“You may act in secrecy, but God is still with you; you can only deceive other people. ”Sri Guru Granth Sahib
“Where secrecy or mystery begins, vice or roguery is not far off”
There can be no doubt that the Southern Baptist Convention is in a downward spiral. Here at TWW, we have discussed a number of reasons for the decline. The Great Commission Resurgence seemed to be a strategy that held out hope for reversing this ominous trend. Then the GCR Task Force dropped its bombshell…
According to a June 8th news release by the Baptist Press.
"Audio recordings of Great Commission Resurgence Task Force proceedings will be placed in the Southern Baptist Historical Library and Archives in Nashville and kept closed for 15 years."
In a vault………under lock and key………with armed guards standing watch around the clock………for FIFTEEN YEARS (until most of the committee members have reached retirement age)!!!
The GCR Task Force claims to be following the precendent set by the SBC Peace Committee, which was established by the SBC Annual Meeting in 1985 during the highly conflicted era that followed the conservative takeover in 1979.
The Baptist Press article referenced above indicates that the SBC Peace Committee's responsibility was "to study the sources of the controversies that began in the SBC in 1979 and bring findings and recommendations that would help Southern Baptists effect reconciliation."
The Biblical Recorder released an article on June 9, informing North Carolina Baptists of this shocking news. Here are the highlights:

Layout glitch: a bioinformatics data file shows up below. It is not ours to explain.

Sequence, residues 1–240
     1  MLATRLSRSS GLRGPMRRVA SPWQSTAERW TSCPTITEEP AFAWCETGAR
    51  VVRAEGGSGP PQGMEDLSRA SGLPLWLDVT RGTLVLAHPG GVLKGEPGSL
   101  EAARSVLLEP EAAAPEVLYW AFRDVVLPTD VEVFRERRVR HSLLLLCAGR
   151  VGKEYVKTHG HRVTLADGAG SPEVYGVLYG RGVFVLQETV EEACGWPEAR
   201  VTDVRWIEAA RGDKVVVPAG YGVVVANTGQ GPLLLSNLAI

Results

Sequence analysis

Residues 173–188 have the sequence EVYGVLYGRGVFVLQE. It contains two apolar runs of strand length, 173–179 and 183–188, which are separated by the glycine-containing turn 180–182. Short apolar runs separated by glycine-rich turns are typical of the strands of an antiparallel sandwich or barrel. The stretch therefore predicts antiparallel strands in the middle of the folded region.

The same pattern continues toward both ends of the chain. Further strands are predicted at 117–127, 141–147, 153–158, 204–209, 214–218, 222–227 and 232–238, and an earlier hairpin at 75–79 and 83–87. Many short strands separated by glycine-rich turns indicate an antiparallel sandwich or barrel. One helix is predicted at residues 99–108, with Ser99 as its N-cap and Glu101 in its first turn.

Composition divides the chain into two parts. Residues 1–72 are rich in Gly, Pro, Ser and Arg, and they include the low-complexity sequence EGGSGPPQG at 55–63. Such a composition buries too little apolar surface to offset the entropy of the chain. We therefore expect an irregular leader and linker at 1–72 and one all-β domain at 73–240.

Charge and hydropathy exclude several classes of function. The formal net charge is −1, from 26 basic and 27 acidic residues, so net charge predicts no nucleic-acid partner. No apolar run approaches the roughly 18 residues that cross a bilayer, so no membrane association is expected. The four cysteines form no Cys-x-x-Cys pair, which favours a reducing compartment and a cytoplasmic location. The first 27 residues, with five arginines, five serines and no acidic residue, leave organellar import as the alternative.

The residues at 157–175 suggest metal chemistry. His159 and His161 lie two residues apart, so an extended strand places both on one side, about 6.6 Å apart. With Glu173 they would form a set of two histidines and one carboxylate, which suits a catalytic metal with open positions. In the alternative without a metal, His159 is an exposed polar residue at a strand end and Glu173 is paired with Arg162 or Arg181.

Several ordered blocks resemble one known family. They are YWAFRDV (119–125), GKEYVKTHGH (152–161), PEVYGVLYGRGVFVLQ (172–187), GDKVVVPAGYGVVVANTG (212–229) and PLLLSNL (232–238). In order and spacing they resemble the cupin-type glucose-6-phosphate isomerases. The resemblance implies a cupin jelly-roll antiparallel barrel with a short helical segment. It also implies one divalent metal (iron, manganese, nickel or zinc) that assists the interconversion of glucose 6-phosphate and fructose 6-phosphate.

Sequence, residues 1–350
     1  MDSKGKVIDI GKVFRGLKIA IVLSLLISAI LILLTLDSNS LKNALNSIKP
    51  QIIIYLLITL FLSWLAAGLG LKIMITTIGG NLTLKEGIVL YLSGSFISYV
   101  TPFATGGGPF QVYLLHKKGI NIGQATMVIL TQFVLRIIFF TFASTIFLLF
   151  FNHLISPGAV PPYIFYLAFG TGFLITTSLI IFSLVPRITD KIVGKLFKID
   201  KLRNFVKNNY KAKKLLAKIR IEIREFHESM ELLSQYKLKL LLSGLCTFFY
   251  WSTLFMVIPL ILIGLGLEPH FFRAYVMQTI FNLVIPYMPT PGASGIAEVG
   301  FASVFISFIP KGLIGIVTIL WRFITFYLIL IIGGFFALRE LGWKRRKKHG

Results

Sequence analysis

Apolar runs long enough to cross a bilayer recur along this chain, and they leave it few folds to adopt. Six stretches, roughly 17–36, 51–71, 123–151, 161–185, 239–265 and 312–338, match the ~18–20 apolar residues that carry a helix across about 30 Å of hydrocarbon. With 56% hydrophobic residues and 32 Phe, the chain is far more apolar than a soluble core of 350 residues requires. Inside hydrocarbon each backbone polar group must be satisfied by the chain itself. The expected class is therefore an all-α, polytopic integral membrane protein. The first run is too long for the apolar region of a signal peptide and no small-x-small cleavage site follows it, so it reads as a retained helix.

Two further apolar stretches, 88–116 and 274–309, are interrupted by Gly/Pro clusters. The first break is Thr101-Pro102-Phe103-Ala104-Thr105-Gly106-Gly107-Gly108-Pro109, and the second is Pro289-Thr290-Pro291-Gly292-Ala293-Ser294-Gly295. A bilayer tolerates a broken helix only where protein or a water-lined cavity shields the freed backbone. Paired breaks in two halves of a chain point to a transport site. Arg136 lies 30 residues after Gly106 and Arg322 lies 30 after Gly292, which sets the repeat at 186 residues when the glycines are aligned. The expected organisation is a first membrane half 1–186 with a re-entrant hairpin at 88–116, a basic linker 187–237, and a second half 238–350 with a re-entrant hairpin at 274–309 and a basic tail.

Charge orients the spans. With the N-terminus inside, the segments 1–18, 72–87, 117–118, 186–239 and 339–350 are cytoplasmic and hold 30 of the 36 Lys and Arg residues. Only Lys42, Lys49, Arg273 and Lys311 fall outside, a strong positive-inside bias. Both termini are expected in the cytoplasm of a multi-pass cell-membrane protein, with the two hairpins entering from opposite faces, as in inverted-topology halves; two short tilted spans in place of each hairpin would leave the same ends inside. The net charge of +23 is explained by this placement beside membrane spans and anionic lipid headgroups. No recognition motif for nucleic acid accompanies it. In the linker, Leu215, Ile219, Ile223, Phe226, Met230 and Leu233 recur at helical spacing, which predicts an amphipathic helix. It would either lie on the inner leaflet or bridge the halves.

"The announcement comes one week before the task force's recommendations are to be presented for consideration by messengers at the Southern Baptist Convention annual meeting in Orlando."
"And it comes without reference to the fact that SBC President Johnny Hunt originally promised that all meetings of the task force would be open to at least one representative of the Southern Baptist press, such as a newspaper editor or someone from Baptist Press. Instead, all meetings were closed."
"Task Force members are asking Southern Baptists to adopt recommendations they feel will alter the course of the Convention. But they don't want Southern Baptists to have access to the deliberations that brought them to their conclusions for 15 years."
"The task force is making harder its job of selling Southern Baptists on its vision by having operated behind the curtain and then emerging with a document we are to embrace, or risk being labeled as "against the Great Commission."
Here is our bottom line:
If the GCR Task Force can't face the scrutiny of their fellow conservative Southern Baptists, how in the world will they ever carry out the Great Commission to a lost and often hostile world?